In the summer of 1969, with less technology than what exists in the device you’ll use to share today’s social media tidbits, human beings flew to the moon.
We’re so desensitized to the fact of the matter, that the impossibility of the idea in the 1960’s, not to mention the price that would be paid, is lost on us.
This post is about today — not history — but imagine it for a minute. They flew to the moon!
Before that, there were two brothers at Kitty Hawk who believed something could be built that would enable human beings to fly. Then there were those who chased the speed of sound. And, oh yeah, those early astronauts who willingly climbed into little more than a tin can to test the bounds of earth.
Along the way there were tangents, miscalculations and tragedies, to be sure. But even in the face of unthinkable loss, the impossible pursuits were not deterred.
It’s Not The Size Of The Stage
I’m a sucker for the drama and scope of these pursuits. If you are of a certain age, the afternoon of July 20, 1969 is likely one of those times that is etched in your memory. In mass we were mesmerized by grainy images from a stage 239,000 miles away.
But let’s talk about where we are today.
Every single day, everyday women, men and children pursue what can feel every bit as impossible as a moon-shot.
From educating a child in our current environment to righting unspeakable wrongs…from surviving a pandemic to wrestling with depression for one more hour…from keeping the lights on to feeding those with nothing to eat and no lights to go home to…these days it can feel like 2020 ushered in an endless list of impossibles..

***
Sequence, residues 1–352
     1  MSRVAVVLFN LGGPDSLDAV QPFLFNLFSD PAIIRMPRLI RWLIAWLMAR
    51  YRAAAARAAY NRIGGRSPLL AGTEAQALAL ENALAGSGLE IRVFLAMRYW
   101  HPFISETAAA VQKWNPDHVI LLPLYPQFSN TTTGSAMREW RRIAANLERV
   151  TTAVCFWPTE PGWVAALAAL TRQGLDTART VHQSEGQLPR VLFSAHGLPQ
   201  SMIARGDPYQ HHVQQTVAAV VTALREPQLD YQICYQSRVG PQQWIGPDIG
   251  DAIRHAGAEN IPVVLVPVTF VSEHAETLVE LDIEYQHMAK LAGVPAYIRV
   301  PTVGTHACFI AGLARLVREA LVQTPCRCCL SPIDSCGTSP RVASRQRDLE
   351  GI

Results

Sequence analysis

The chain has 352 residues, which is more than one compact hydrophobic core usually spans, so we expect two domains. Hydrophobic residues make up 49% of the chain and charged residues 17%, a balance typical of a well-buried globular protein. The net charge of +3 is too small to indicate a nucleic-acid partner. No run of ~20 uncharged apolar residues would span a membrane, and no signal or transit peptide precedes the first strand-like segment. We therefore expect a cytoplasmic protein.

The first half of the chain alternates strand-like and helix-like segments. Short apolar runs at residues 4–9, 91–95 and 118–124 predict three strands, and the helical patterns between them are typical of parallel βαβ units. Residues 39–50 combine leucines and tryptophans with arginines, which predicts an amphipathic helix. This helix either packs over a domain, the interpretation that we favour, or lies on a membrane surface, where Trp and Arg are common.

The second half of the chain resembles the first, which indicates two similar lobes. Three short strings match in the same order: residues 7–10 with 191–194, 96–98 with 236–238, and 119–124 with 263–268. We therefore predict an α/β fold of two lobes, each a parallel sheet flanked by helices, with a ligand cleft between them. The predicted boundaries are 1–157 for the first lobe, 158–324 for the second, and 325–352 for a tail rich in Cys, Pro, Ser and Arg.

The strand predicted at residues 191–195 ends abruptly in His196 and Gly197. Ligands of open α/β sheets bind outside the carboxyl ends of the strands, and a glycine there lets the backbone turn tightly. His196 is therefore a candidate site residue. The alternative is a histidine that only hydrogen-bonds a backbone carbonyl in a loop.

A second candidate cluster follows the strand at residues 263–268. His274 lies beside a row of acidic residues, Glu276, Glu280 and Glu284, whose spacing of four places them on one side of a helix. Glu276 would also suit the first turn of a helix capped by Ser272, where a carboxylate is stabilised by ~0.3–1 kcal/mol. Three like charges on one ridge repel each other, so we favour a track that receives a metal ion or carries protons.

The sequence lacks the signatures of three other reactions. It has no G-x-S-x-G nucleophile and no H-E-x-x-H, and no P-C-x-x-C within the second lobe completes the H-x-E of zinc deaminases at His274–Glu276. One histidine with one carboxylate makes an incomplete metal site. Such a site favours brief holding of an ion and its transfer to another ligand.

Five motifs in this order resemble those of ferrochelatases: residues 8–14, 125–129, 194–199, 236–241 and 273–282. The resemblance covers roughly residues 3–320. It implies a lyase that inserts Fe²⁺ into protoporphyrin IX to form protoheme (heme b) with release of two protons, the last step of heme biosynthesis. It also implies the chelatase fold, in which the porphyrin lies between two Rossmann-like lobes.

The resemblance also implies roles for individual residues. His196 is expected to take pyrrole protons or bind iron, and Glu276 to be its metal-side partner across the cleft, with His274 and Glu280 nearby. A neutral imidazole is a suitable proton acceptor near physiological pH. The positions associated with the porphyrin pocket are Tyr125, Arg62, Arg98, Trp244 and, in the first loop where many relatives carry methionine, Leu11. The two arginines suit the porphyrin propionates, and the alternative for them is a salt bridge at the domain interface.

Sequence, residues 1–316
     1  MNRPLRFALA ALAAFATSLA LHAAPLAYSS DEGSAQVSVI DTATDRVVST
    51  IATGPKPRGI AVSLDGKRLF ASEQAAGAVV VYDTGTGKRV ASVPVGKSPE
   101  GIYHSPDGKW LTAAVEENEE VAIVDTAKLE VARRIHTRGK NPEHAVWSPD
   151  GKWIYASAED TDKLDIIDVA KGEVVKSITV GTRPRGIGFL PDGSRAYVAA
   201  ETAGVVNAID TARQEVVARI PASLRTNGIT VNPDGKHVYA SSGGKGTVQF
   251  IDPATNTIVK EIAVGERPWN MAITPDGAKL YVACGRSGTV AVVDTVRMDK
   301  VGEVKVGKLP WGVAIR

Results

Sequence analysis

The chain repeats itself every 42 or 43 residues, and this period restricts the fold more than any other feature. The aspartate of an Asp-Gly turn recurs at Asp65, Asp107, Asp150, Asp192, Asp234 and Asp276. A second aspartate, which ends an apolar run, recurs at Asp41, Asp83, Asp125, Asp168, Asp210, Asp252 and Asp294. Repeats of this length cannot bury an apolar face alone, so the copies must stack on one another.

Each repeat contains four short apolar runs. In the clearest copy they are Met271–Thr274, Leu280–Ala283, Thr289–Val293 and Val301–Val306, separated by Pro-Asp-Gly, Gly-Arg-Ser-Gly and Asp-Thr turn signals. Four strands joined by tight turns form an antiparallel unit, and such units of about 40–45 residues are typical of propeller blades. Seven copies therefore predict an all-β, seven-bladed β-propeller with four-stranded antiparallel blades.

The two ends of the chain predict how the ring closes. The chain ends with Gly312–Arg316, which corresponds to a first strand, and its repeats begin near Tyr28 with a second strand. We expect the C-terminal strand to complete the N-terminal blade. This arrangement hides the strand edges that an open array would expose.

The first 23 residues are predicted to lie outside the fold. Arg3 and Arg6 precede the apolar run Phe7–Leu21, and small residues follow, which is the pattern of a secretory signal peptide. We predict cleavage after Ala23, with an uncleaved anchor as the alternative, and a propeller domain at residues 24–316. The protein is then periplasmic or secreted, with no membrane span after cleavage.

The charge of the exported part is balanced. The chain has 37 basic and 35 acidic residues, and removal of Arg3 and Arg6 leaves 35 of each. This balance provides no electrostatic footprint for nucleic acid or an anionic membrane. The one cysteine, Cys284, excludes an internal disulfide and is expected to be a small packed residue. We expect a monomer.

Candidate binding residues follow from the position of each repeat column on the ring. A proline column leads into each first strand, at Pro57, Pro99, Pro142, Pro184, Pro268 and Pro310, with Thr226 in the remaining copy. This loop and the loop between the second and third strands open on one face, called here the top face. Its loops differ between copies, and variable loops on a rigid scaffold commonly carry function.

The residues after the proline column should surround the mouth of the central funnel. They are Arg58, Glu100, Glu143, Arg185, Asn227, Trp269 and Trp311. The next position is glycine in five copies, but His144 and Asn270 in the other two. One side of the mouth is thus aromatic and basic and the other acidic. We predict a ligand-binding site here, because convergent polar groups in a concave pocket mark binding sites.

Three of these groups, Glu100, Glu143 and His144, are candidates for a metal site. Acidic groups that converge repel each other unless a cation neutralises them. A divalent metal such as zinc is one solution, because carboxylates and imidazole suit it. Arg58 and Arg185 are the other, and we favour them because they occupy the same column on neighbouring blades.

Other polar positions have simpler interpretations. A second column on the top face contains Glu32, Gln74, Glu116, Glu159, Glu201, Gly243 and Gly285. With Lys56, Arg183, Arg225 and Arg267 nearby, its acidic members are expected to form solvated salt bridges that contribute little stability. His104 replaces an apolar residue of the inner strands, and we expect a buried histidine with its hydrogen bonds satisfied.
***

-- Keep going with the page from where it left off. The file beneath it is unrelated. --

It Isn’t What It Is
You name the challenge (or opportunity) — progress begins with imagining what might be.
Nothing stops progress more quickly than resolving that there is no solution…no answer…no better way…no way to heal…that what we have is what we’re stuck with.
If we can envision what might be, we can begin a productive journey. We can begin to have better conversations.
But Mark it down — we will never progress beyond what we are able to imagine.
When President Kennedy spoke of putting a man on the moon, he reasoned “we choose to go to the Moon in this decade and do the other things, not because they are easy, but because they are hard, because that goal will serve to organize and measure the best of our energies and skills…”.
No matter where we find ourselves on this day, whatever the venue, if we are able to imagine what might be possible, we have a benchmark for “the best of our energies.”
We can do this. We can do hard things.